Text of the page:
Although weeds sprung up all around, the abandoned coffee plants remained in the ground, and in 2003 the farm was partly revived by Kimo Falconer, a former researcher for Pioneer Mill’s coffee operation. Falconer bought the old processing equipment, leased 80 acres and began producing Maui coffee under his own label, MauiGrown.


The best known of MauiGrown’s four varieties is the Maui Mokka, a cultivar of mocca found only on the Valley Isle. The MauiGrown Coffee Co. Store, located in one of the old Pioneer Mill buildings, sells roasted coffee from MauiGrown as well as the handful of smaller Maui coffee growers. It also sells green coffee you can roast yourself, if you’re so inclined.


Thanks to an unusual arrangement with a luxury housing development, MauiGrown’s farm has grown to 400 acres. The development, called Ka‘anapali Coffee Farms, has rows of coffee trees woven among the homes, employing a loophole in state land use law that allows houses to be built on agricultural land as long as the land is part of a working farm.


Waialua Estate Coffee & Chocolate (O‘ahu)

Mechanical harvester from
Waialua Estate Coffee Company.
Photo: Olivier Koning

As the Waialua Sugar Mill approached its final closure in 1996, Dole Foods Co. launched an initiative to find new, marketable crops to keep some of its vast North Shore acreage in use. The company experimented with papaya, avocado and exotic varieties of mango. Then Dole planted banana, lychee and coconut, tried flowers and feed for cattle, and dabbled in coffee and cacao. In the end, only the coffee and cacao survived in the marketplace. And, as Dole discovered, coffee and chocolate not only go well together on the table, but coffee and cacao complement each other in the field, too.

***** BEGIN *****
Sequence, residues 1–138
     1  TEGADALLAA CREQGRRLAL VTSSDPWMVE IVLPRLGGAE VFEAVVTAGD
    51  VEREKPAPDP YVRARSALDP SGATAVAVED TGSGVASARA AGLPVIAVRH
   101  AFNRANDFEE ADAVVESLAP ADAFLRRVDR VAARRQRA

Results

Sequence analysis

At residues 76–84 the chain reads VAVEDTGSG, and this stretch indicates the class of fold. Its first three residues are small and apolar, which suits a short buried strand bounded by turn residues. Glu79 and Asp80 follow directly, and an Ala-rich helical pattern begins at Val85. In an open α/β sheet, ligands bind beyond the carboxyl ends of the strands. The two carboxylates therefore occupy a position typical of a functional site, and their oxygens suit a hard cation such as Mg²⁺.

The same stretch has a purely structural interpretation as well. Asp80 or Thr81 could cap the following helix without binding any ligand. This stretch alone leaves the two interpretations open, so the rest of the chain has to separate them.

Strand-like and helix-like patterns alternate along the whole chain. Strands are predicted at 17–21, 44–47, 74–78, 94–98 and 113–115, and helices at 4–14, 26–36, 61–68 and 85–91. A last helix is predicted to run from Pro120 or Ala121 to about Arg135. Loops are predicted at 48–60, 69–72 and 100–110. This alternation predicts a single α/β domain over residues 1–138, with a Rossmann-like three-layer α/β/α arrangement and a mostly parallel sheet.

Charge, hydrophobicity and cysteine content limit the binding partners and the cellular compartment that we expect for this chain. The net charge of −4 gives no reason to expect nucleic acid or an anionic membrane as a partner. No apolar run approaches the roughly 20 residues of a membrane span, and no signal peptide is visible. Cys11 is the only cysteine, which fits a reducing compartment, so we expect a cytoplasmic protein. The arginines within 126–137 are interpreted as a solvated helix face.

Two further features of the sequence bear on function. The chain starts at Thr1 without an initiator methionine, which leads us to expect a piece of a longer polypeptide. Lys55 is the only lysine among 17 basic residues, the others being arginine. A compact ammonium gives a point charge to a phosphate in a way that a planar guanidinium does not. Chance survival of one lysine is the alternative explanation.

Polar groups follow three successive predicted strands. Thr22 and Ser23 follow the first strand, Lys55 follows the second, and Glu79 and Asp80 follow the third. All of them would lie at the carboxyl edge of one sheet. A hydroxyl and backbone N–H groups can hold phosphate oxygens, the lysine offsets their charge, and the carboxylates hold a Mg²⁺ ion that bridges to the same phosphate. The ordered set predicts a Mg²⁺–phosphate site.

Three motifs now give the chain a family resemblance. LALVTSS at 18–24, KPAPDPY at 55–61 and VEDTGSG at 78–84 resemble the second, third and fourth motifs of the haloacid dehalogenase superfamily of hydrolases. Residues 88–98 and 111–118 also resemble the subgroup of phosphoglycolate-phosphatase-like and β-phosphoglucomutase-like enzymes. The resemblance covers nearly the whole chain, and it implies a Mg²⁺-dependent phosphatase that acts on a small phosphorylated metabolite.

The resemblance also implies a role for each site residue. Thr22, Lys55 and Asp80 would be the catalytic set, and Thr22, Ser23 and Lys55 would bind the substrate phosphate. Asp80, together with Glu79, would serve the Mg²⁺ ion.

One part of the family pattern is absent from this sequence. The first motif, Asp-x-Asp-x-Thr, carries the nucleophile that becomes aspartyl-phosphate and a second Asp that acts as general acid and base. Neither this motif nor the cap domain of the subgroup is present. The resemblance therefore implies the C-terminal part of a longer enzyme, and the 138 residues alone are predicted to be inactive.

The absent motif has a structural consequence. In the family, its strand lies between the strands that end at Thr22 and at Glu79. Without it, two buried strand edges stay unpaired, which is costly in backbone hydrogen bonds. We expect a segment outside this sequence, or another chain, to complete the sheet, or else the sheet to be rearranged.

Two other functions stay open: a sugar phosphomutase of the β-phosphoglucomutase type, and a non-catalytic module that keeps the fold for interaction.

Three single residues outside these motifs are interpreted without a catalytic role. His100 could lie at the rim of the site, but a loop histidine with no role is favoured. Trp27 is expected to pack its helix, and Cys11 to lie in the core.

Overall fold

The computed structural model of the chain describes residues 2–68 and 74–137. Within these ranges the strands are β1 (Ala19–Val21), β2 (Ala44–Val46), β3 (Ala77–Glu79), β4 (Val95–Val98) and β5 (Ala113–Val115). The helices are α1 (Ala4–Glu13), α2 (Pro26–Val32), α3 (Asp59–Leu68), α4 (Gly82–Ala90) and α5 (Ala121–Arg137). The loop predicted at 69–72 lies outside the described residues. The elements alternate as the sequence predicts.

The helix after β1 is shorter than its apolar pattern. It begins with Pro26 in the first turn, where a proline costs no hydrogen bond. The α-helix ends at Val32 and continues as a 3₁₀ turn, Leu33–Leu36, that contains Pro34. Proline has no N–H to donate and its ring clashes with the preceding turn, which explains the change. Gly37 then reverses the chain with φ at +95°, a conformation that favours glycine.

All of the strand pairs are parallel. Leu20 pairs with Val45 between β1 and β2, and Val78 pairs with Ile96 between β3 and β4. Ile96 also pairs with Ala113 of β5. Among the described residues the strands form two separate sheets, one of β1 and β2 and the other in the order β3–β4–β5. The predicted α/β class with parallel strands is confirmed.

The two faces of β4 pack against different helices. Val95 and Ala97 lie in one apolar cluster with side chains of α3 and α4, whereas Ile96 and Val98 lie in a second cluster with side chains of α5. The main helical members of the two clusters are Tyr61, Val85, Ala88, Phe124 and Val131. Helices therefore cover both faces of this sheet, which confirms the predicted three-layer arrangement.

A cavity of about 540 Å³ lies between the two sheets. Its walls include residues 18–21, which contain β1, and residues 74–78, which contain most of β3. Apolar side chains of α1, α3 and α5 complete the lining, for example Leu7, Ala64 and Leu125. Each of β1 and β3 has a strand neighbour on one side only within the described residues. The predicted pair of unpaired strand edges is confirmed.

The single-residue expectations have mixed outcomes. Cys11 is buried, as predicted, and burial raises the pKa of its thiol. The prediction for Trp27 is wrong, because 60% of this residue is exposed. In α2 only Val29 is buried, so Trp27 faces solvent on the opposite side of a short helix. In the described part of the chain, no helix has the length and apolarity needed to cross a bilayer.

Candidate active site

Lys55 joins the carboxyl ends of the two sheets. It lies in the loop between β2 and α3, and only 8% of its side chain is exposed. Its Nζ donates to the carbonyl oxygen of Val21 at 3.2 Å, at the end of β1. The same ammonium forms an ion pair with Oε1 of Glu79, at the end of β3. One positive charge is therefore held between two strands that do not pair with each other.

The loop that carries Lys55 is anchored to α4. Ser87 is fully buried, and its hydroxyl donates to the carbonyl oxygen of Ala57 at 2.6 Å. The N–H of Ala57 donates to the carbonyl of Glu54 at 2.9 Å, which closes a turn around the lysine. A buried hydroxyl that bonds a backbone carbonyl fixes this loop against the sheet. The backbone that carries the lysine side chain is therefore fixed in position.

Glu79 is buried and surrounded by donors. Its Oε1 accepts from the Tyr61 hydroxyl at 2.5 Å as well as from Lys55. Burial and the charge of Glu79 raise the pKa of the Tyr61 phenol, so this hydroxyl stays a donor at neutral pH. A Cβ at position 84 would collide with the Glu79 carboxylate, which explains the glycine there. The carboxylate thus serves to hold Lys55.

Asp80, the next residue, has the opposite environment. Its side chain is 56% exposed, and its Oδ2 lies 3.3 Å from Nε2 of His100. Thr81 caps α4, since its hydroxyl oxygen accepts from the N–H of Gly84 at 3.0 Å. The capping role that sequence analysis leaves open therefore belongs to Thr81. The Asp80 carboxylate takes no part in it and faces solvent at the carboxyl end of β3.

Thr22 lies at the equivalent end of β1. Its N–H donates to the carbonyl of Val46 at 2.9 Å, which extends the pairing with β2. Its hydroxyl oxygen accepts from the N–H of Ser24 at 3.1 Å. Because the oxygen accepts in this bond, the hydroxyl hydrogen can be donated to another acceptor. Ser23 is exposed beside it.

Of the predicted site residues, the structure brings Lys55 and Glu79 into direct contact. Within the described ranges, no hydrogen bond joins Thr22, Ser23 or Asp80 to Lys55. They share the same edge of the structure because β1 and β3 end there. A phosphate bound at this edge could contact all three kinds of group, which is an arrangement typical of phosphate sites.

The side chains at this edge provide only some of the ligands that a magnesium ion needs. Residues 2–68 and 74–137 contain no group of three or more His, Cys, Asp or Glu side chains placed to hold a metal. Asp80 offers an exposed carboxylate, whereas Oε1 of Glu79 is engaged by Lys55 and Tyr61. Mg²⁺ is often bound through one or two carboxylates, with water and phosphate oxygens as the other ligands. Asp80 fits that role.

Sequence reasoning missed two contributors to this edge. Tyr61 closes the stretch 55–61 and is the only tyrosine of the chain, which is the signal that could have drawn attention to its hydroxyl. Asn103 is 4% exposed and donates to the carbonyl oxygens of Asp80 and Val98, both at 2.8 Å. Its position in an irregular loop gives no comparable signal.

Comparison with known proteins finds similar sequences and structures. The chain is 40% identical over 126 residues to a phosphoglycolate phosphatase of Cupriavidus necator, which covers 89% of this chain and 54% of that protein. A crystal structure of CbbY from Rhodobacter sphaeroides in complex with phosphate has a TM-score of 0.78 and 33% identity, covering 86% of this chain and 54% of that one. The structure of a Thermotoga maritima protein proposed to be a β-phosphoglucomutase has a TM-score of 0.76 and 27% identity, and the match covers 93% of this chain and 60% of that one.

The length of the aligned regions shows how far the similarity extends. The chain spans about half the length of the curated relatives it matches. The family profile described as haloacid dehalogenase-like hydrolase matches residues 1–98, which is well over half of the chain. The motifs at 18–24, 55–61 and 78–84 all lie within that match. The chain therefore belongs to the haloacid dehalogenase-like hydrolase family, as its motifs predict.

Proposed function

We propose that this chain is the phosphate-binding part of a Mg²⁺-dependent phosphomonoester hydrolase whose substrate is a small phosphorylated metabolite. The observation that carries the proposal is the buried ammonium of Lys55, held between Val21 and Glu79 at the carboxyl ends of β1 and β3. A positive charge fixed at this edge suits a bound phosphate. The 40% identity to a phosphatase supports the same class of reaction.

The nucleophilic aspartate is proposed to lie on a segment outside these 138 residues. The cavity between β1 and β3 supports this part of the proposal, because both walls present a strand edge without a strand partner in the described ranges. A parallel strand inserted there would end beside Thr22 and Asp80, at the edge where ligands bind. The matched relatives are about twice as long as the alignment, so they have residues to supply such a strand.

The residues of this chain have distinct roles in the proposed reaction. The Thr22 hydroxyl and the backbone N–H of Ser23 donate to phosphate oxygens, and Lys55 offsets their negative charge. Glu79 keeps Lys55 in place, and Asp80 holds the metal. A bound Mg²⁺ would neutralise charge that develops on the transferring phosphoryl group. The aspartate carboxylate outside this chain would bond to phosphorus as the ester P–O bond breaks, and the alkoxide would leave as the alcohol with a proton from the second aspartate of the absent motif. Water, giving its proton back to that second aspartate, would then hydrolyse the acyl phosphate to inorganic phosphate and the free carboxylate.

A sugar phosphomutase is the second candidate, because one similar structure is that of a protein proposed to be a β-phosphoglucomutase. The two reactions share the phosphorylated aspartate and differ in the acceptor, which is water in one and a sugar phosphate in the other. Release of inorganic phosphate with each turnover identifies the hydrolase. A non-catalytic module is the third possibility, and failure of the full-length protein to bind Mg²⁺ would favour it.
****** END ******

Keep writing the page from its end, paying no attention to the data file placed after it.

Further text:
The two crops’ naturally staggered harvest seasons make it possible for a single crew to pick and process coffee half the year and cacao the other half. This allows Dole’s Waialua Estate Coffee & Chocolate to keep 13 people employed, year-round. “It’s the perfect marriage,” says Mike Conway, Dole’s manager of diversified agriculture.


The coffee grows outside of Hale‘iwa on 150 acres straddling Kamehameha Highway. Though the Typica variety that’s grown is exactly the same variety used in Kona coffee, the regional flavor differences are noticeable. In other words, Waialua coffee—with a soft, mellow medium body—is unique unto itself.